Senate constitution review guided by law-Ganiyu Solomon

1999 constitution [Photo:]

The Senate session on the review of the 1999 constitution kicked off on Thursday.

The Chairman of the Senate Session on the Review of the 1999 Constitution for the South-West zone, Ganiyu Solomon, on Friday said that the review was informed by constitutional provisions.

Mr. Solomon spoke at the end of the Senate public hearing on the review, which kicked off in Lagos on Thursday.

Reacting to calls that Nigeria needs a fresh constitution by the people, rather than amendments, Mr. Solomon said that “the 1999 constitution made provisions for amendments.”

He said there are no provisions in the constitution that stipulate how we go about a fresh constitution.

“Where do we start to do that? We will put that to Nigerians to come up with a suggestion to add such amendment to the existing constitution before we can do so,” he said.

The senator, however, said that the committee is passionate about the positions presented at the session and would ensure that the views were presented to the larger house.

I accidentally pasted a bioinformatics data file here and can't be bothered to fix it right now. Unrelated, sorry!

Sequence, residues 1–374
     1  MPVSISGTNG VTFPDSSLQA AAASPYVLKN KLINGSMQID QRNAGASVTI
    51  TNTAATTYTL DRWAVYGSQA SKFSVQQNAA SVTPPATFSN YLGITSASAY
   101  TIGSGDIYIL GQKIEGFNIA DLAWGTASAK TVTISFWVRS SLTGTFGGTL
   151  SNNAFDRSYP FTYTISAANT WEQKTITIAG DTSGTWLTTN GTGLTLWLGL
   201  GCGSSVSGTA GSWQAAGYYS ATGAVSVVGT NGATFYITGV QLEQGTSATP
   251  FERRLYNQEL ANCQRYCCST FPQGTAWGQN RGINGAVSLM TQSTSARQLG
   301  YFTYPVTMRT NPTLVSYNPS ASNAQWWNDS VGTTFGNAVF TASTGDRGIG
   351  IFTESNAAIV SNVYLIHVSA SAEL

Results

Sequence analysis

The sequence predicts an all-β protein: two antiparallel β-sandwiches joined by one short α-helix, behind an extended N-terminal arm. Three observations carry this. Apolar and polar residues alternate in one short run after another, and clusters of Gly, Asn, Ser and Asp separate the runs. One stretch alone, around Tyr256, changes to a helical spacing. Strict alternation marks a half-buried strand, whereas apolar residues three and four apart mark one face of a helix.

“We cannot say precisely what issues dominated the presentations, but all we can say is that all issues in the agenda were touched by various persons and interests that presented their memoranda,” he said.


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Speaking with newsmen, Oluremi Tinubu, representing Lagos Central zone, said that there is no way all interests would be accommodated by the amendment.

“One thing that is paramount is security and development and on that, I am sure, the senate will not let Nigerians down.

“We appreciate all the interests and agitation and we will ensure that they are represented in our submission to the senate,” she said.

On state police, Mrs. Tinubu said that it would be seriously looked into because of the security situation in Nigeria.

“As it is, the federal police is not functioning adequately well, hence the need for a state owned police,” she said.

She, however, assured that the interests of the people in the South-West would be addressed and represented well by the committee.


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Some of the issues in the review agenda included devolution of powers, state creation, state police, role of traditional rulers, local government autonomy, and recognition of the six geo-political zones in the constitution.

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